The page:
The importance of ongoing professional development for IT professionals

Whatever your IT background or skillset, your work as a technical manager or specialist will never be just about technology.

Sure, your expertise in IT is invaluable, but often, what really sets you apart in this industry is versatility. That means a truly successful IT professional will possess a range of diverse skills, including those not directly related to IT. Among other things, an IT professional should be business-savvy, adept with technology, a strong communicator and a good leader.

Yes, it’s a lot. That’s why it’s important to refresh your skills and develop new ones through ongoing professional development.

Luckily, professional development courses are plentiful. And if you work in a large company, courses may be offered internally, by your workplace. Failing that, many employers regard professional development as important enough that they’re willing to pay for an employee’s extra courses or training.

Not sure what to take? The following are key skills that every IT professional would benefit from developing or brushing up on:

Leadership and Management

For most of us, understanding how to effectively work with others and manage a team isn’t second nature. Luckily, courses in leadership and management are abundant, and can prove extremely handy to an IT professional.

For one thing, it’s quite common in the sector for individuals to be promoted into managerial roles without leadership training. Taking matters into your own hands and acquiring some formal training in team-leading, delegation, motivation, influence, coaching etc. will likely serve you as you progress in your field.

Further, IT professionals need to be able to effectively manage people, to maintain IT excellence without having to do all the work yourself.

I recommend courses that focus on personality type and working style, like the Myers Briggs personality assessment indicator or the Strength Deployment Inventory™.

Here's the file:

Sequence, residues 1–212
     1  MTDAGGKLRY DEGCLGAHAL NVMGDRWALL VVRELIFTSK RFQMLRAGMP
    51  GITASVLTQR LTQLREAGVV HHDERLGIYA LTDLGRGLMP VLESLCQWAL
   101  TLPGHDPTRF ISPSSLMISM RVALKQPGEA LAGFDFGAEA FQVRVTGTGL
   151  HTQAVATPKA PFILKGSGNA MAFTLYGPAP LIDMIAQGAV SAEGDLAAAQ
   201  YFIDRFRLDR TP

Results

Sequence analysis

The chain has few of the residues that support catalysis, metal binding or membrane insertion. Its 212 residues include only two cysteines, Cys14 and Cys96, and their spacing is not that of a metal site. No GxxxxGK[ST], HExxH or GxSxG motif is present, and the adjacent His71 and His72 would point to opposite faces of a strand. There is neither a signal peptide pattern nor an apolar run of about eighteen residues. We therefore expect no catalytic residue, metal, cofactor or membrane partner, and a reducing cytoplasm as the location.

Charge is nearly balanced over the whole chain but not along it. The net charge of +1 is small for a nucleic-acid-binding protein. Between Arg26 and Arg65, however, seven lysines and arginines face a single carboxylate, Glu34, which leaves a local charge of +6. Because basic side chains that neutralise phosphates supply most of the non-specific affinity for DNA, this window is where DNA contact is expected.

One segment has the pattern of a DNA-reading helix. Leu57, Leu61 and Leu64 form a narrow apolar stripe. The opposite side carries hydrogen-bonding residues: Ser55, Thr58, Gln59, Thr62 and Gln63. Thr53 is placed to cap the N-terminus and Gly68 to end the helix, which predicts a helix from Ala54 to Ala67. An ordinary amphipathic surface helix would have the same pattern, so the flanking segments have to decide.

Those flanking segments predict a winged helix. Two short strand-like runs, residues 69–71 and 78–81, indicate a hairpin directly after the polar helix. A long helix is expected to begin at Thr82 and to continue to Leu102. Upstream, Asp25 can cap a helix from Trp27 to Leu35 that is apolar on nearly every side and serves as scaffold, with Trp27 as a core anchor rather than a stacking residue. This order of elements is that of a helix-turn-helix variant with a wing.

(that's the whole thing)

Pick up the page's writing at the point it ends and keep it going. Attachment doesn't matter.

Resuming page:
In IT you will have customers in different areas of business who will likely be less detail-oriented than you (because IT professionals tend to be!) and you need to learn to present information in a way they can understand.

Understanding personality theory and, for management especially, knowing how to recognise and draw out people’s strengths can both earn you respect and ensure greater efficiency for your team.

Systems/tools/technology

Love or hate it, technology is increasingly important, and likely plays a substantial role in your work. Learning to use different software, programmes and tools, and staying up to date with new developments will keep you current and competitive.

Particularly for the luddites among us, intensive or crash courses are often the best way to go in terms of getting a properly in-depth understanding of a computer system or tool.

And if you are technologically-inclined, consider the potential leg-up you could have by developing a niche in IT and management/leadership – something of a rarity.

Sales, marketing, operations

The clients you serve as an IT professional will inevitably be diverse, so staying up on all facets of business will prepare you to help any client in any industry.

Basically, by understanding the nuts and bolts of things like sales, marketing, manufacturing and the supply chain, you’ll be able to provide better overall support.

Consider, then, taking a course on sales management, market research or supply and demand strategy.

Process/continuous improvement methodologies

Financial results are produced by business processes, so if you understand how to measure or improve processes, it adds tremendous value to your clients.

A course in a methodology like Six Sigma will stand you in good stead.

Final thoughts

Supplementary courses are a great way to complement your existing skills or learn new ones.

If you don’t have much spare time, or if your employer isn’t willing to foot the bill for training, you can always check out online resources like webinars and industry conferences. Or, pick up books on relevant skills and squeeze in some extracurricular reading.

While all of this extra learning and professional development might seem like arduous extra work in the short-term, the perspective and qualifications you will gain could very well get you more business in the long-run.

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